The political drama in Brazil continued to unfold during what has been an especially eventful week, even by recent standards. In other news, the economic outlook remains bleak, preparations for the Rio Olympics appear to have finally gotten on track, and concerns are being raised about new laws that would affect net neutrality and strengthen censorship on the Brazilian internet.
A brief review of the week’s events
The movement to impeach President Dilma Rousseff has gained momentum. Last Sunday, during a marathon session lasting over 7 hours, the Congressional Impeachment Committee voted to allow the impeachment process to continue. It will now be voted on by the full lower house of Congress: the highly anticipated vote is scheduled for this Sunday, April 17.
While the committee was still in session, there occurred a suspiciously timed leak of Vice President Michel Temer’s victory speech. In response, the president accused Temer of committing treason by conspiring to oust her through a coup.
As the vote in the House of Deputies approaches, support for the president among members of Congress has been declining steadily. In a seeming act of desperation, the Attorney General filed an injunction with the Supreme Court in an attempt to annul the impeachment proceedings, but the justices chose not to intervene and voted to allow impeachment to move forward.
As figures across the political spectrum scramble to retain or increase their power, mudslinging and vote-trading has caused an already ugly situation to devolve even further: While the Brazilian political crisis was initially compared to House of Cards, it is now starting to look a lot more like Game of Thrones.
Meanwhile, the Brazilian public remains deeply divided.
Overview of impeachment process
The impeachment process is complex: This Financial Times guide provides a great overview.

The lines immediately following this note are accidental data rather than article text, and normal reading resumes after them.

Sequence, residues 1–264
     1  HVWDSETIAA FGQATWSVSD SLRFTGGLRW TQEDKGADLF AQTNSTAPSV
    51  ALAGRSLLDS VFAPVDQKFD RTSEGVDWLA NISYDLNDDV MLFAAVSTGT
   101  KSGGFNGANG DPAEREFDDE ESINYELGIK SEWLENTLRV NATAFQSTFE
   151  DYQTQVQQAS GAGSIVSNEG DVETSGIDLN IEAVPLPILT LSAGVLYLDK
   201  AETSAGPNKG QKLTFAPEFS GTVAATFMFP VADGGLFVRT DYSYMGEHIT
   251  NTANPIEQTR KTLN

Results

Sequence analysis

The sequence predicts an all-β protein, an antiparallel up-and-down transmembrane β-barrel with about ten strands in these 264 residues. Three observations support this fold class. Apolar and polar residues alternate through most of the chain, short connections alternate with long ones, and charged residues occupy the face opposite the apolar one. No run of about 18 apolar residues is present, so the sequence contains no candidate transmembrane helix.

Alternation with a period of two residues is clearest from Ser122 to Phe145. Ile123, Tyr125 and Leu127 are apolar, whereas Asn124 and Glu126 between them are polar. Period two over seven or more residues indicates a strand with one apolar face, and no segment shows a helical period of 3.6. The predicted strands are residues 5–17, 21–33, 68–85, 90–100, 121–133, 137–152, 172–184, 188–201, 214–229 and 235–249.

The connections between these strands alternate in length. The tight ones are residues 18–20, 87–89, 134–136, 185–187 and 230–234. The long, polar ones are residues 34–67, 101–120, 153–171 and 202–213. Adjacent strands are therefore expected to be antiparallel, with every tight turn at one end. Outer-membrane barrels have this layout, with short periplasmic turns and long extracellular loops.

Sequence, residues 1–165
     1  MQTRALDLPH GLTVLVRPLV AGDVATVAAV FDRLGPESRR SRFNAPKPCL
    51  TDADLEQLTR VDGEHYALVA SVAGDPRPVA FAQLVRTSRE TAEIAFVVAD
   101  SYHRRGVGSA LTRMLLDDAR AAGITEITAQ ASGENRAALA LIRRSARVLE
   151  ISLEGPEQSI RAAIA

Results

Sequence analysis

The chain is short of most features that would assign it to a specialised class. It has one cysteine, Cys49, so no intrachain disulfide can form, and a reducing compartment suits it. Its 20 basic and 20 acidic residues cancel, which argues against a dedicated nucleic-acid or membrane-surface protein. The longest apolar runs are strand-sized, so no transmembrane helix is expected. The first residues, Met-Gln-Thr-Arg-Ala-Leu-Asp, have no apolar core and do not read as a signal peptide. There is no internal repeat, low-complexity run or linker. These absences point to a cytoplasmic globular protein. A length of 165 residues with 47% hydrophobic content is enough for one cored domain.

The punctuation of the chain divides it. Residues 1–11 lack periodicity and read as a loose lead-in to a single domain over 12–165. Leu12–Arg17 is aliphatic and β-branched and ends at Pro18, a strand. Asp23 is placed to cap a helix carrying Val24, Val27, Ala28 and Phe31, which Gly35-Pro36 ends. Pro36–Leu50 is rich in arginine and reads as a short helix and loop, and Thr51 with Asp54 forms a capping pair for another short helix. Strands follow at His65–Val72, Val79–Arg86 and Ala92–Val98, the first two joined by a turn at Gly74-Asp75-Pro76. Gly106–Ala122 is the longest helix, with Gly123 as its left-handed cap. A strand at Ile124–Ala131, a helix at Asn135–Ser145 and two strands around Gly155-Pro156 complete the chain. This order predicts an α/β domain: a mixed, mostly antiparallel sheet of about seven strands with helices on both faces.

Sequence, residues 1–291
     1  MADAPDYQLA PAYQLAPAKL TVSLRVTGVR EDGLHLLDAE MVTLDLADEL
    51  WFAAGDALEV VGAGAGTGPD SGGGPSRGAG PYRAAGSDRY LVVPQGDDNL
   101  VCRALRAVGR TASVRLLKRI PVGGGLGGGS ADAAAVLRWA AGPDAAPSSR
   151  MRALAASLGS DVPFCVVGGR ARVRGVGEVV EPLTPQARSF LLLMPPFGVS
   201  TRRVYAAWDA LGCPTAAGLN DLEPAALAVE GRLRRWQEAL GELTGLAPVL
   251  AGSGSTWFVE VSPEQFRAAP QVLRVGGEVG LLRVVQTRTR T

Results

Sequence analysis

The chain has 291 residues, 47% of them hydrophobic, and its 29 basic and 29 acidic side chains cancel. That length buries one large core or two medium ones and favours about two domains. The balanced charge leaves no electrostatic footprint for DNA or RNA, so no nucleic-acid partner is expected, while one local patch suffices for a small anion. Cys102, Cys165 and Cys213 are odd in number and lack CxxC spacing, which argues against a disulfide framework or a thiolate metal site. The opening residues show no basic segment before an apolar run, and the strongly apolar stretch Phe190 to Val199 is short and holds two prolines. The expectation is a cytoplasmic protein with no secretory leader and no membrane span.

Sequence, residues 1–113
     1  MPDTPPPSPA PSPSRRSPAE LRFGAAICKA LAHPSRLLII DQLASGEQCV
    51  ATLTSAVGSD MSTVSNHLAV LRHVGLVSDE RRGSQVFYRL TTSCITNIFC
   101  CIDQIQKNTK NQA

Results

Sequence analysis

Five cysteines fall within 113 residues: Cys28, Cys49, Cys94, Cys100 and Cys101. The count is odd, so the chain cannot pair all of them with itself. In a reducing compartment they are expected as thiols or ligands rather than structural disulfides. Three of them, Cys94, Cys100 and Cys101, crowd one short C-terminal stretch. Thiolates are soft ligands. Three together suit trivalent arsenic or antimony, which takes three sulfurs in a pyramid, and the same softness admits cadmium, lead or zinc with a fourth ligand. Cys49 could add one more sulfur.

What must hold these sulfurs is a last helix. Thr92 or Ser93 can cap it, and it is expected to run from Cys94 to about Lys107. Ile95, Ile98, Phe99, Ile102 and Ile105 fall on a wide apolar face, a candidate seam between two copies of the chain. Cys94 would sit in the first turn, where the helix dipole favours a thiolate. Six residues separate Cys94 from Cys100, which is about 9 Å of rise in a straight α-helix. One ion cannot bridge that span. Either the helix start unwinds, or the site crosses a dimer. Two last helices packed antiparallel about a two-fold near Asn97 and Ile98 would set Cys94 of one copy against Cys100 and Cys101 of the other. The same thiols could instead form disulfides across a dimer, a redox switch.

Capital markets have rallied at the prospect of impeachment, with the hope being that Rousseff’s removal would create a more business-friendly environment. Indeed, Vice President Michel Temer has laid out the beginnings of a plan for “a gradual fiscal overhaul.”
However, investors may be getting ahead of themselves. The impeachment process is likely to be drawn out and painful, and there are no quick fixes to Brazil’s many economic problems and deeply polarized political climate.
Meanwhile, Brazilian states are taking advantage of weakness in Brasília to renegotiate their debts with the federal government, creating a potential “time-bomb” that will further increase the already ballooning deficit.
In this context, it is unsurprising that the International Monetary Fund declared the downturn in Brazil to be deeper than expected and revised its previous outlook for 2016 downward.
While the state government of Rio de Janeiro is basically broke and dealing with related protests and strikes, preparations for the 2016 Olympic Games remain underway. After many delays and setbacks, it seems preparations are now mostly on schedule. Nevertheless, officials are seeking to lower expectations, saying that the games will not be like those of London or Beijing. Additionally, ticket sales have been lagging.
Potential restrictions on the Brazilian internet
Finally, overlooked amid the barrage of political and economic news are worrying developments that would affect net neutrality and increase censorship on the Brazilian internet.